It’s about racism, not race, when coronavirus hits communities of color hard | Column
Will witnessing the suffering our system produces—seeing it laid bare–finally move us to act? A UF professor wonders.
A man wears a protective mask as walks in a parking lot April 13, 2020, in St. Louis, where parts of the city have been hit much harder than others by the coronavirus outbreak. Of people who are known to have died from from COVID-19 in St. Louis, blacks are dying at a much higher rate than other populations. (AP Photo/Jeff Roberson)
A man wears a protective mask as walks in a parking lot April 13, 2020, in St. Louis, where parts of the city have been hit much harder than others by the coronavirus outbreak. Of people who are known to have died from from COVID-19 in St. Louis, blacks are dying at a much higher rate than other populations. (AP Photo/Jeff Roberson) [ JEFF ROBERSON | AP ]
Published Apr. 15, 2020

Before last week, it had been a long time since racial health disparities were the subject of a White House press briefing. But as evidence began to emerge that communities of color were suffering disproportionately from COVID-19, long-standing health disparities, particularly among African Americans, were thrust into the spotlight.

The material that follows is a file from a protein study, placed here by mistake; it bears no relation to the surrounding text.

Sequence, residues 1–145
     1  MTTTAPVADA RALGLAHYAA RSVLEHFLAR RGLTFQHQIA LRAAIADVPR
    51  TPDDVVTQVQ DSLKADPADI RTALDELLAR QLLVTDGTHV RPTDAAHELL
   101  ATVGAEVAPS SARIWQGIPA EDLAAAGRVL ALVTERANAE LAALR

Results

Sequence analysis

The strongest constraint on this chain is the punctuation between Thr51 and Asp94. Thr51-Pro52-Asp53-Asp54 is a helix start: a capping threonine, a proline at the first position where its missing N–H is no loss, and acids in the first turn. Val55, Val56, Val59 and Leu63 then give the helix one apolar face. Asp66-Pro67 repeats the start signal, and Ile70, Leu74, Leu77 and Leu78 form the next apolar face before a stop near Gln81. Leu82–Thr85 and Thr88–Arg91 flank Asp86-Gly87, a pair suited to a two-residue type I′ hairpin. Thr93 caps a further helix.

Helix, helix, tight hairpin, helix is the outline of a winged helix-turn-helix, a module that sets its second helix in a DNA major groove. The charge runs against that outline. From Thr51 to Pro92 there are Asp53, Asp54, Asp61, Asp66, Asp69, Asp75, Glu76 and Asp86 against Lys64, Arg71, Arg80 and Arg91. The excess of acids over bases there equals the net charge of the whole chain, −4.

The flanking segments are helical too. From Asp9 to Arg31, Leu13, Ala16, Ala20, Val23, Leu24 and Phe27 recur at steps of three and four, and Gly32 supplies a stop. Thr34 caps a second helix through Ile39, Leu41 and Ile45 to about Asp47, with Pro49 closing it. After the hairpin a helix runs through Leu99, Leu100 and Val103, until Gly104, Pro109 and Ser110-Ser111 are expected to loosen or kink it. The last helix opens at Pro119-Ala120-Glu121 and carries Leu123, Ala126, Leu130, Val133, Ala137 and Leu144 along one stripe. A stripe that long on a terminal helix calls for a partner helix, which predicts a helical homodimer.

In his White House remarks, Dr. Anthony Fauci acknowledged that “we have known literally forever” that chronic conditions such as obesity, diabetes, hypertension, and asthma are deep-rooted plagues afflicting the African American community. The pandemic, Fauci noted, is “shining a bright light on just how unacceptable” these disparities are because they make COVID-19 more lethal.

Clarence Gravlee
Clarence Gravlee [ Provided ]

Meanwhile, the Administration responded to concern about the lack of national data on racial inequities in the pandemic. Seema Verma, Administrator of the Centers for Medicare and Medicaid Service, assured the public that CMS “can now stratify by demographic information, so that we can look at race as a factor.”

It is heartening to see health inequities getting the attention they deserve at the highest level of government. Yet it is disconcerting that messages from the White House erase what we have known for decades—that racial health inequities are a consequence of systemic racism, not race.